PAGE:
Posted by David at 06:43 PM in Massachusetts | Permalink | Comments (0) | TrackBack

December 22, 2004

Romney to run in 2006

Channel 5 reports that His Excellency the Governor has unequivocally stated that he intends to run for re-election in 2006.  As far as I know, this is the first time Romney has publicly committed to running again.

UPDATE: Daily Kos has picked up on this story - read through the comments for lots of interesting thoughts on MA politics. 

Posted by David at 05:30 PM in Massachusetts | Permalink | Comments (1) | TrackBack

An amazing recount and a courageous Republican

A truly astounding process is underway in Washington State, where the margin in the Governor's race now appears to be EIGHT VOTES, out of 2.9 million cast.  And it further appears that the Democratic candidate is the one with the 8-vote lead, after earlier being behind first by 261 votes, and then by 42.  Wow.

The outstanding issue in the race is the fate of 573 (or possibly more) ballots in the Democratic stronghold of King County.  These ballots were very likely valid, but they were not considered because of a screw-up by county elections officials.  The question, argued today in the Washington Supreme Court (you can listen here), is whether the county canvassing board may consider those ballots for inclusion in the total.  (If they are included, it seems likely that they will favor the Democrat and will substantially widen the current 8-vote lead.)

This story is obviously incredibly important for lots of reasons.  My point here, though, is to give kudos to the Republican Secretary of State, Sam Reed, who has taken the position in this case that those 573+ ballots SHOULD be considered, contrary to the view of the state Republican party, which says that they SHOULD NOT.  Reed, sensibly, says that if in the process of conducting a recount you come across a screw-up that is not the fault of the voters, you should include those ballots.  He may well have ended his career in the Republican party for taking this position - angry Republican mobs are now demanding that he be "fired."  But how nice to see that there are still Republicans out there who are willing to stand up to the extreme elements of their party - a party that has demonstrated time and again that it will stop at nothing to win.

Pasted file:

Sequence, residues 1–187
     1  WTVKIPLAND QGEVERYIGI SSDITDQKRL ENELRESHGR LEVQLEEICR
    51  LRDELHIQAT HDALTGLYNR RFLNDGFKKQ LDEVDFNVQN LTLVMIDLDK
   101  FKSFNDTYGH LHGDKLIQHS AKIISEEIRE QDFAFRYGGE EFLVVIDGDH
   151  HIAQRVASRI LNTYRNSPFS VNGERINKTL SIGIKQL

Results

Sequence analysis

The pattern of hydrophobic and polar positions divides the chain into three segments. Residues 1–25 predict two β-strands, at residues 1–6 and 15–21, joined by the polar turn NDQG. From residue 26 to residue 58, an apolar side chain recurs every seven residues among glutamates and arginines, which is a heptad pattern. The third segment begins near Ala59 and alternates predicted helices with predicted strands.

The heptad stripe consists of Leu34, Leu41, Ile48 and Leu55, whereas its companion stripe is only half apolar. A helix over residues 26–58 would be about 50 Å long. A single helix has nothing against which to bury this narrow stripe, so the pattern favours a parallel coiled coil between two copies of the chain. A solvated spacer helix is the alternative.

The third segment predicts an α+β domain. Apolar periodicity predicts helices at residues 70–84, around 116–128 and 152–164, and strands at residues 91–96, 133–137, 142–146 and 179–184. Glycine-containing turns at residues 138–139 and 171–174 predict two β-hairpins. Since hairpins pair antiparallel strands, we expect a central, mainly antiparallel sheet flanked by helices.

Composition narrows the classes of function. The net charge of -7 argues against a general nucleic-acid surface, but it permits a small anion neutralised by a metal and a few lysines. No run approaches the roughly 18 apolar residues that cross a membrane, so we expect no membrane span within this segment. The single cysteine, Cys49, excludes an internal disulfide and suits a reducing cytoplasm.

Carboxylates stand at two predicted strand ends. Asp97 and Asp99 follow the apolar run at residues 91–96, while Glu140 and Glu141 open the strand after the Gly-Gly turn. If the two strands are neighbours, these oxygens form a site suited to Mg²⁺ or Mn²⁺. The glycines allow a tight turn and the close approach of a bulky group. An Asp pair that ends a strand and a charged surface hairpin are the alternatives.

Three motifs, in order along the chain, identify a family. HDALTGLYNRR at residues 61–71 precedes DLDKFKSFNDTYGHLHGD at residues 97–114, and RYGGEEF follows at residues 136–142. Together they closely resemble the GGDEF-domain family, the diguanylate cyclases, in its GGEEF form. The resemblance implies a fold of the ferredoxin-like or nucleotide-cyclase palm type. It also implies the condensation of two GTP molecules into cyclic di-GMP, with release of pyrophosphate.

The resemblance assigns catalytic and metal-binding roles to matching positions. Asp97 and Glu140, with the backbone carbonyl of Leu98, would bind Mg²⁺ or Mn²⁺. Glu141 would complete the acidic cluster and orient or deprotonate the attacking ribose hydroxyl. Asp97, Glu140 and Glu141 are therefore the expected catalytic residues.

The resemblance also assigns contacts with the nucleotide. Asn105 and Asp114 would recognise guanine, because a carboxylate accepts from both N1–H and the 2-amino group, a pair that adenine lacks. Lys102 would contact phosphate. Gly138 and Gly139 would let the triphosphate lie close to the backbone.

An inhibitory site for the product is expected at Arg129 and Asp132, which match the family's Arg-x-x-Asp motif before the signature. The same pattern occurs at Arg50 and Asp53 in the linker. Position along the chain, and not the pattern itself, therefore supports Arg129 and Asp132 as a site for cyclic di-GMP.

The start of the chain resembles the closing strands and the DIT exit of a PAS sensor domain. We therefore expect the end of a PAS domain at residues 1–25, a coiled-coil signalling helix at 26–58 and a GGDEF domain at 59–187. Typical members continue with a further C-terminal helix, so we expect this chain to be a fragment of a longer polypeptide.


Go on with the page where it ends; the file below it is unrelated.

UPDATE: The Washington Supreme Court has now ruled unanimously that the ballots in question may be considered during the recount.  A win for Democrats, the Republican Secretary of State, and democracy; a loss for the state Republican party and for others who don't believe that all valid votes should be counted.

FURTHER UPDATE: King County has finished counting all the ballots, and the Democrat, Christine Gregoire, is the winner by 130 votes.  But don't expect the Republicans to concede anytime soon.  They will try anything - they always do.

Posted by David at 03:49 PM in National | Permalink | Comments (0) | TrackBack

December 21, 2004

Brookings gettin' rowdy!

AP reports the smackdown:

"Social Security is like a car with a flat tire," said Peter Orszag, an economist at the liberal Brookings Institution and adviser in the Clinton White House. "There is a problem. We need to fix the flat tire. But we don't need to replace the car."

Bush regularly claims Social Security faces a shortfall of nearly $11 trillion, which, Orszag said, is a misleading figure because it makes the system appear to be in worse shape than it is.

The figure — $10.4 trillion to be precise — is the shortfall over the "infinite horizon," as measured by Social Security's Board of Trustees. The calculation was included for the first time in the trustees' 2003 report, along with the required 75-year measure. The American Academy of Actuaries criticized the use of the $10.4 trillion figure in the report, saying it was likely to mislead the public. [emphasis mine]

Mislead the public? These guys? No way. The Enron administration continues. But if Dubya didn't know how to deal with real capital in his business career, he sure isn't going to know what to do with his mythical political capital.

I smell a winner's curse... Wouldn't it be great if this plan was completely derailed before W. was re-inaugurated? Good times... good times.

Posted by Charley on the MTA at 05:41 PM in National | Permalink | Comments (0) | TrackBack